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  • All you need to know about "Big turbo conversions"

    Big turbo conversions Guide

    A turbo charger has a finite capacity to force air into the engine. The basic principle that more air equals more power holds true (as long as there is a sufficient supply of fuel to match this).

    Hybrid turbos are one way to increase the capacity of your turbo, with different impellers the characteristics can be changed. But for larger power gains you really need to add a larger turbo.

    Hybrid turbos

    A larger turbo is obviously physically bigger than an OEM one, and it will therefore require a custom exhaust header and different oil feed lines.

    The benefits of a big turbo conversion is a massive increase in power. The increase typically focuses on the top end of the rev range where you get a massive power increase. 

    There is a a downside, a large turbo takes a while to get up to speed and it can seem quite hesitant (a condition known as turbo lag) where the engine struggles for power below 3000 rpm. Big capacity engines (2.5 litres upwards) are best suited to large turbos as they can sustain the exhaust flow rates that the turbo needs to spool up.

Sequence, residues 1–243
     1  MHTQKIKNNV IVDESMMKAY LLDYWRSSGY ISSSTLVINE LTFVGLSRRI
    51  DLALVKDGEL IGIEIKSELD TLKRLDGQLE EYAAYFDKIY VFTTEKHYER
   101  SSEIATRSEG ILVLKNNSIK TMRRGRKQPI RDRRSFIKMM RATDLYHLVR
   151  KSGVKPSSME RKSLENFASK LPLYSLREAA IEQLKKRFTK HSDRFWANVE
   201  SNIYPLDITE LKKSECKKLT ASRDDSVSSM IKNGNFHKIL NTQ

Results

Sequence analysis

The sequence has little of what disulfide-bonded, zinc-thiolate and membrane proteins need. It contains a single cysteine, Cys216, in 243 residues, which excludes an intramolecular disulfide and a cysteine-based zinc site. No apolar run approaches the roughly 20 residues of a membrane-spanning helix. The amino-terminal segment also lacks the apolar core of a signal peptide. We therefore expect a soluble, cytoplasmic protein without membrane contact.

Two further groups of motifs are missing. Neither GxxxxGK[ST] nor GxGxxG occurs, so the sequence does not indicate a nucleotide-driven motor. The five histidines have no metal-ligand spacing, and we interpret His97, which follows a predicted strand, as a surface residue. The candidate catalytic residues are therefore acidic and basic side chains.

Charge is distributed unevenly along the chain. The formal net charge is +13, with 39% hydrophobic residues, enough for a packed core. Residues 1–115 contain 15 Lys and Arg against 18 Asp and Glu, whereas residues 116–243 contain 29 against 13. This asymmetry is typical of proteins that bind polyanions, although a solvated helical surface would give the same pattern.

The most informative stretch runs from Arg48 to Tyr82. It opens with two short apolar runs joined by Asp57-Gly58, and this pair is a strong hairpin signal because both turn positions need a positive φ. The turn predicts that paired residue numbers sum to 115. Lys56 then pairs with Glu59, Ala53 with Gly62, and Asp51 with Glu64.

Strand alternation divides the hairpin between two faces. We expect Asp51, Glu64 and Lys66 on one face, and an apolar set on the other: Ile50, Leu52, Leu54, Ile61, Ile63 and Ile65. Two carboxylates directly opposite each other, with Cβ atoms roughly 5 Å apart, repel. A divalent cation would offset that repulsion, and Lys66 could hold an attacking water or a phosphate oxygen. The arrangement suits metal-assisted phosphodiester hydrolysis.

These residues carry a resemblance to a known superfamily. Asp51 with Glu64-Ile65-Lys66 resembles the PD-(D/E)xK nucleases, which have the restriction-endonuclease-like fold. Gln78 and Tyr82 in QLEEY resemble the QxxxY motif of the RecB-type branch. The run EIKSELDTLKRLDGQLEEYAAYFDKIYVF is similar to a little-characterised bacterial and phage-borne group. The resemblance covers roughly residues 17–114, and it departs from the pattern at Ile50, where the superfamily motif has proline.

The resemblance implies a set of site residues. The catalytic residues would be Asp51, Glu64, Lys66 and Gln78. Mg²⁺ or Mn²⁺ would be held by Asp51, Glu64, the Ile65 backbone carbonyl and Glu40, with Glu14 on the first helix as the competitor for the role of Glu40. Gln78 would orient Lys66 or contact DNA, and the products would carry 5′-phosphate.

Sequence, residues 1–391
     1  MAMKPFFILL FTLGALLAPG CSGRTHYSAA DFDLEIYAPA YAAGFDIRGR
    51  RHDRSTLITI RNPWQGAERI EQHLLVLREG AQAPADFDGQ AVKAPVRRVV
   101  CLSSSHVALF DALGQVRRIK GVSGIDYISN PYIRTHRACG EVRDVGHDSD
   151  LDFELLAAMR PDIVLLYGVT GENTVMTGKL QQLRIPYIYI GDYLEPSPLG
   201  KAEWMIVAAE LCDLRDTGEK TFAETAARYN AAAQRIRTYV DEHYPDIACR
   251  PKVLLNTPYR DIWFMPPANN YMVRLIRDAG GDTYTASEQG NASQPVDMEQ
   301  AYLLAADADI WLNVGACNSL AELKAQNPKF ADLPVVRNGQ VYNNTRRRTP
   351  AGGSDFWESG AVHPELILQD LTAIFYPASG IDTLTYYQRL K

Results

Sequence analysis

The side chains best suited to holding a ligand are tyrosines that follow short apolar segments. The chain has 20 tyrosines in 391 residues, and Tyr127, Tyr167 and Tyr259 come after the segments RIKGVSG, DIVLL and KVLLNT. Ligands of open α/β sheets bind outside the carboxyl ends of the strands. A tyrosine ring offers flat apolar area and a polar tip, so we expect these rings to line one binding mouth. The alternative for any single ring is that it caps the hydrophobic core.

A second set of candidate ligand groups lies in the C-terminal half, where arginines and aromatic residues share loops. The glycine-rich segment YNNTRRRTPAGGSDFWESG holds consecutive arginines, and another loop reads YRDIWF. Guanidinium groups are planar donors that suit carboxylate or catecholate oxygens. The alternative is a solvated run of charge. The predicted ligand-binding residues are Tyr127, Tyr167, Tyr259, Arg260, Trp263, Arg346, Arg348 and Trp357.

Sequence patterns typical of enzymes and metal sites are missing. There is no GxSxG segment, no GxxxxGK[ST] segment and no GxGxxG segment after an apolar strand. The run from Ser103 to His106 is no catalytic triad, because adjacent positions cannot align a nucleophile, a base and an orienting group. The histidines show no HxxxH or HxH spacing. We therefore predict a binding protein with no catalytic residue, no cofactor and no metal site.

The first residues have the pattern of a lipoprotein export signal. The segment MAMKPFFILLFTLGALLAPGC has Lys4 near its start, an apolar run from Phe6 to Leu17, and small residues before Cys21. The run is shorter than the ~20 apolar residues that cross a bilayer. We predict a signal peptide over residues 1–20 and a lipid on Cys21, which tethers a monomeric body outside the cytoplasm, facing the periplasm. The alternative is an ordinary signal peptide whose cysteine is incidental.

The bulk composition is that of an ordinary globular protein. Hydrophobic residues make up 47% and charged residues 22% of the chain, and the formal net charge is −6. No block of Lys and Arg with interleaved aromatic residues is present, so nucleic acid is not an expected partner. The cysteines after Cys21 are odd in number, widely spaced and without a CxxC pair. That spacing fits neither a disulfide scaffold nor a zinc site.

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    Some tuners use a twin turbo setup fitting a smaller initial turbo (or even a supercharger) and then bringing the big turbo online when the exhaust flow rates can support it.

    A ball bearing turbo will spool up more quickly than a thrust bearing one and the ball bearing turbos are more tolerant of larger power figures. (Thrust bearings tend to prove unreliable when pushed beyond 350bhp).

    So can you just bolt on a big turbo and everything will work? Unfortunately things are not this easy and the car will need to be remapped. A standard ECU will usually have a failsafe that cuts in where boost exceeds a certain limit so this will need to be removed. 

    Also when increasing the power of an engine you will need to strengthen the bottom end of the engine and ensure the head is capable of flowing the supply of air and fuel correctly. This also means increasing the injector capacity and supplying fuel at a greater rate will usually need a higher capacity fuel pump.

    You will also need to uprate the intercooler as a standard intercooler can become restrictive when you have a larger turbo.

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    2 Responses to “Big turbo conversions”

    1. Daene says:

      I own a st170 and am just wondering if there is a turbo conversion and if so how much

    2. shaun warren says:

      do you know anyone who can do a turbo/supercharger conversion on a 1.4 corsa d